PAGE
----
The modern village of Drel DongpoBral gdong po (population: 56) is situated at the foot of the formations that supported the north Buddhist center. Lhundrup ChölingLhun grub chos gling, a small contemporary temple, is also found in the vicinity. It was destroyed in the Chinese Cultural Revolution and was partially rebuilt until 2004. Drel Dongpo Gönpa JangmaBral gdong po dgon pa byang ma, the north Buddhist complex, is divided between two formations: east (dukang’du kang) and west (gönkhangmgon khang). This monastic center remained viable until the Chinese Cultural Revolution. The smaller building carcasses show that this was not a particularly large Buddhist center. The east and west formations (separated by a steep gully) each contain about 100 caves of the GugéGu ge type. They begin at around 4140 m elevation and extend up to 4200 m. KharchungMkhar chung is situated 20 m above the upper extent of caves in the east formation.

Defunct agriculture in the DrelBral valley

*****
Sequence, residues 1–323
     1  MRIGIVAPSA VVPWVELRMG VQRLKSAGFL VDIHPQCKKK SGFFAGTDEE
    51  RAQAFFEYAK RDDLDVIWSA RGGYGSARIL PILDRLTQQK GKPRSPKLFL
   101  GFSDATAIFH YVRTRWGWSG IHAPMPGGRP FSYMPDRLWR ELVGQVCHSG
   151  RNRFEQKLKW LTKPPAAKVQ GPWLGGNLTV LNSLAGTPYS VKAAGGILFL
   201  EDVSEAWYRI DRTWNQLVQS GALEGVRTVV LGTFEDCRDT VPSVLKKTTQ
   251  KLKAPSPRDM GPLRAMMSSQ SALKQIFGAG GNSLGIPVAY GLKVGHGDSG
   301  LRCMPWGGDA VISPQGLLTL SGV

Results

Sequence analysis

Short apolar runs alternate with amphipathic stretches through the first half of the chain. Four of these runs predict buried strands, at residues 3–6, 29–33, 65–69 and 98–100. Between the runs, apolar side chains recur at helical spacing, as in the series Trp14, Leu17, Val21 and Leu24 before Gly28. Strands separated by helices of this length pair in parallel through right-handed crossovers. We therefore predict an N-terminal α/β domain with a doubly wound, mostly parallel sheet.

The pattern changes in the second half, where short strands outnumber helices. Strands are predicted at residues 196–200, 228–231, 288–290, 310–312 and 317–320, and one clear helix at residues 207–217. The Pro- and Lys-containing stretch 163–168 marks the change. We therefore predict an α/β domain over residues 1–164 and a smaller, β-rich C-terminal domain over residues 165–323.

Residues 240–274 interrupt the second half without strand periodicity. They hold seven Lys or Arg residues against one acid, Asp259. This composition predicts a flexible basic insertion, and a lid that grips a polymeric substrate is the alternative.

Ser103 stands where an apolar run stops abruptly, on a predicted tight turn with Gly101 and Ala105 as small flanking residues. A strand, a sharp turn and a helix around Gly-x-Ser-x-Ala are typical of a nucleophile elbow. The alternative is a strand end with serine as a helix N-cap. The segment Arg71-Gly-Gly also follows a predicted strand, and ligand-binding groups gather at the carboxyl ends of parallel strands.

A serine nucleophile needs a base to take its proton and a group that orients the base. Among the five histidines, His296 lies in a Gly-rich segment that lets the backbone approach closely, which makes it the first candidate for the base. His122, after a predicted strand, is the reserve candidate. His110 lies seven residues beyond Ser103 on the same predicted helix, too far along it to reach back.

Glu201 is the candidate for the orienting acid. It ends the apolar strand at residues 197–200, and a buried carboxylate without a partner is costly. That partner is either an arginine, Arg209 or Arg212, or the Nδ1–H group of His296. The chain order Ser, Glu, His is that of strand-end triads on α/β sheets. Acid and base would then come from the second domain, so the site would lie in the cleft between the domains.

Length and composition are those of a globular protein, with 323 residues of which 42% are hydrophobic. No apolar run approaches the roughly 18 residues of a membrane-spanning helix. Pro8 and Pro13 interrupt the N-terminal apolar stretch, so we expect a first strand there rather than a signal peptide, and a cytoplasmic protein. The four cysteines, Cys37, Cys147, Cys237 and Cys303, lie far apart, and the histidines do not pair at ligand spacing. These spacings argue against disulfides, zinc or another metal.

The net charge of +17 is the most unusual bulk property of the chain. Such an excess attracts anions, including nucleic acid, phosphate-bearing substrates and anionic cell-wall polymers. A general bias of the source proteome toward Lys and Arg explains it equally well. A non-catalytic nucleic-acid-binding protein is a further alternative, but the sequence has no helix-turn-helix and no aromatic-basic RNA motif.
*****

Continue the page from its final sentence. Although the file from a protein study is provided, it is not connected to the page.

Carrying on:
A perennial stream still feeds a significant arable land-base near Drel DongpoBral gdong po village, but most cultivated lands in this valley system have been abandoned. Defunct agricultural holdings stretch along the DrelBral valley, especially on its right side, all the way downstream to the confluence of the DrelBral and DongpoGdong po valleys. Above this confluence is drinsaDrin sa (sp?), once a large agricultural plain and significant Buddhist center (31° 31.5΄ N. lat. / 79° 52.5΄ E. long. / 3980 m). It now lies utterly abandoned. In the earthen formation bounding the right side of the valley there are around 100 caves, which were probably the original locus of settlement at drinsaDrin sa. It would appear that at some point in time, this preexisting cave complex was transformed into a Buddhist center. On the summit of the formation with the caves there is a significant rammed-earth shell with tall, straight walls. The Buddhist hierarch or chieftain of the locale may have occupied this high status redoubt. In a cave near the base of the drinsaDrin sa formation there are murals dating to circa 1000 to 1200 CE (painted in a provincial and somewhat naive style probably by native Tibetan artists). With its extensive agricultural lands, hundreds of people may have once lived in the lower DrelBral valley (now devoid of permanent settlement).